“Even if they want to increase price, the normal thing has always been that a circular is released and before you leave the loading bay, you are made to pay the balance. But right now, the truth is that these importers want PPMC to stop selling so that they can exhaust their imported products.”
Source - http://www.sunnewsonline.com/webpages/news/national/2011/oct/28/national-28-10-2011-017.html
Microsurfacing offers a 25% savings in direct costs of roads in addition to being eco-friendly. Interview with Col.Rakesh Bhargava, VP, Yala Construction and Elsamex.
October 28, 2011
October 24, 2011
Refinery shutdowns ‘cause industrial crisis’
By Roy Cokayne
October 20, 2011
Council prepares roads in Weston-super-Mare for winter
Deputy leader and executive member for highways at North Somerset Council, Elfan Ap Rees, said that surface dressing is a quick, low cost way of improving the condition and skid resistance of a road surface.
He said "It prevents water seeping into the foundations of the road and delays the need to carry out more extensive and costly carriageway repairs.
"We carry out surface dressing between the months of May and September as weather conditions need to be dry and warm to enable the bitumen to stick to the carriageway and ensure long-term stability of the dressing."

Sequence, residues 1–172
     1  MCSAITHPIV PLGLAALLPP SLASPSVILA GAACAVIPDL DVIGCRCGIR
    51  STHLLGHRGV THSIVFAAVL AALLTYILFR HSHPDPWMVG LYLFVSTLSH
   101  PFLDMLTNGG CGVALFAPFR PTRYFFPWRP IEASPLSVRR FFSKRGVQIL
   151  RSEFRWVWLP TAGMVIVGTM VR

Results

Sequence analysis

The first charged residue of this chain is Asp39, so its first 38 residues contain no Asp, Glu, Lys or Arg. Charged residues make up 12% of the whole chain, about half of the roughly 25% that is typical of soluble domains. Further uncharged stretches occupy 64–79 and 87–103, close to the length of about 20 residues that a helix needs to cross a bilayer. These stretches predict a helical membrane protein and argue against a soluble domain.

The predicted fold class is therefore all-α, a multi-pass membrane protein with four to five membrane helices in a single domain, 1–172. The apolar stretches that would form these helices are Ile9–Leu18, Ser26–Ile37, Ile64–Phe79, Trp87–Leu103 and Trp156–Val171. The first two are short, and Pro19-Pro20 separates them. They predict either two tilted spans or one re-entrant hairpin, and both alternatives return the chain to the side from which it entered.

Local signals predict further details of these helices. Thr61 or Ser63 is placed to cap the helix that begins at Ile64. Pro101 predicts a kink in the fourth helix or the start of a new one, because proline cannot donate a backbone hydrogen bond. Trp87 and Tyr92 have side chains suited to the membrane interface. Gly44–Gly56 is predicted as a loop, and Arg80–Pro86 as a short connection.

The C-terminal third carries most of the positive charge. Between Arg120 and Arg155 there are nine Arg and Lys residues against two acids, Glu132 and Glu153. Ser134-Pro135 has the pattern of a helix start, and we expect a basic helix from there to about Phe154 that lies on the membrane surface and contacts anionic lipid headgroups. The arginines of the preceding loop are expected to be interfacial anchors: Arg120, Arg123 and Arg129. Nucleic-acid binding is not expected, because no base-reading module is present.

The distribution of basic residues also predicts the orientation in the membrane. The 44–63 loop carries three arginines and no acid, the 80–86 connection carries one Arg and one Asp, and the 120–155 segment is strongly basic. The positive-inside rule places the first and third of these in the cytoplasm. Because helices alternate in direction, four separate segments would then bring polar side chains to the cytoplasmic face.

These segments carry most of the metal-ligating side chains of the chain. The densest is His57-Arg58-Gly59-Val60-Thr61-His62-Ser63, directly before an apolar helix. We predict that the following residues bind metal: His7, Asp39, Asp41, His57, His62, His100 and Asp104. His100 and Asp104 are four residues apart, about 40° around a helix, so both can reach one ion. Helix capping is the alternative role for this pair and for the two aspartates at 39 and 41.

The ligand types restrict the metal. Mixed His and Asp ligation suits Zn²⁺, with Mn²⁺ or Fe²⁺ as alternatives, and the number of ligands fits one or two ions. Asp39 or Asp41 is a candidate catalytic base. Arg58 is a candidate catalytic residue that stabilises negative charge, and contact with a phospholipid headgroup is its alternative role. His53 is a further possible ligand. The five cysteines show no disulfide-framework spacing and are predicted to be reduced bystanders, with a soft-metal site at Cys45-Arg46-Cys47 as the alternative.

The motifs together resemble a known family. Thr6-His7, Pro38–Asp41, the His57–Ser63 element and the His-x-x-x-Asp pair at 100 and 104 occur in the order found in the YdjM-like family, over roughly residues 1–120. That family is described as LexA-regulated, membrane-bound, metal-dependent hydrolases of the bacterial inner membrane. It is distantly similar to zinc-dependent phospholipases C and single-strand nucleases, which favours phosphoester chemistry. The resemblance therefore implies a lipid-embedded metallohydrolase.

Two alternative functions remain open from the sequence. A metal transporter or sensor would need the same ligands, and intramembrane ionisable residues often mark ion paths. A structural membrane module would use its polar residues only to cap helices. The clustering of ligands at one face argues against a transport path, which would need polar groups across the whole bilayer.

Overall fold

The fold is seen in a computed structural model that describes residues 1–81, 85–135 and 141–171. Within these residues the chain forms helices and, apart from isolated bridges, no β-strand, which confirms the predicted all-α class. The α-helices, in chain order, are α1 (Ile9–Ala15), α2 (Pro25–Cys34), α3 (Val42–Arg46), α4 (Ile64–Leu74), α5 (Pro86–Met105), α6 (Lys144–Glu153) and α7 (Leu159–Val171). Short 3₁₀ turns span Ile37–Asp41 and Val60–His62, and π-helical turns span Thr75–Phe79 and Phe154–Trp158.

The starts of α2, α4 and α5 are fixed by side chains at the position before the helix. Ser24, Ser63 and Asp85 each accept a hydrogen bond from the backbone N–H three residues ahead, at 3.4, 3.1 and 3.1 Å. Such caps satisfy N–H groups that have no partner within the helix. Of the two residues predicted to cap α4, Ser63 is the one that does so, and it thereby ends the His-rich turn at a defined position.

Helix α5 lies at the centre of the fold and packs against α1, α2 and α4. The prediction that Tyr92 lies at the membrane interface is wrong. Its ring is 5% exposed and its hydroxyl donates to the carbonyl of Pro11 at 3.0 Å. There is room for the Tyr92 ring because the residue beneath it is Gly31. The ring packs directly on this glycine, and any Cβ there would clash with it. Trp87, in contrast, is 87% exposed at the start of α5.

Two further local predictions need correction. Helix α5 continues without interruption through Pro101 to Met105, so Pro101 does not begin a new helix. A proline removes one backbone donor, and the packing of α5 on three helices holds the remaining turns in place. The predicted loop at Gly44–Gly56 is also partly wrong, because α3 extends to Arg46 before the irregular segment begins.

Roads which have been surface dressed are: part of West Town Road (A370), Backwell; Silver Moor Lane, Banwell; Ashey Lane, Blagdon; Bridgwater Road (A370), Coronation Road/Bleadon Road, and Shiplate Road, Bleadon; Burrington Coombe (B3134), Burrington; Blagdon Lane, Butcombe; Churchill Green/Sandmead Road, Churchill; Crookes Lane and Lower Norton Lane, Kewstoke; Broadmead Lane, Regil; and Tower House Lane, Wraxall.
The process involves spraying bitumen over the surface of the existing carriageway and covering it with a layer of stone chippings.
As the bitumen sets, the stone chippings are compacted in by the use of a roller and further assisted by vehicles travelling over the newly laid surface. Any excess chippings are then swept up.
The main contractor was Balfour Beatty and the cost for this year's programme is in the region of £270,000.
Source - http://www.westonsupermarepeople.co.uk/Council-prepares-roads-Weston-super-Mare-winter/story-13589924-detail/story.html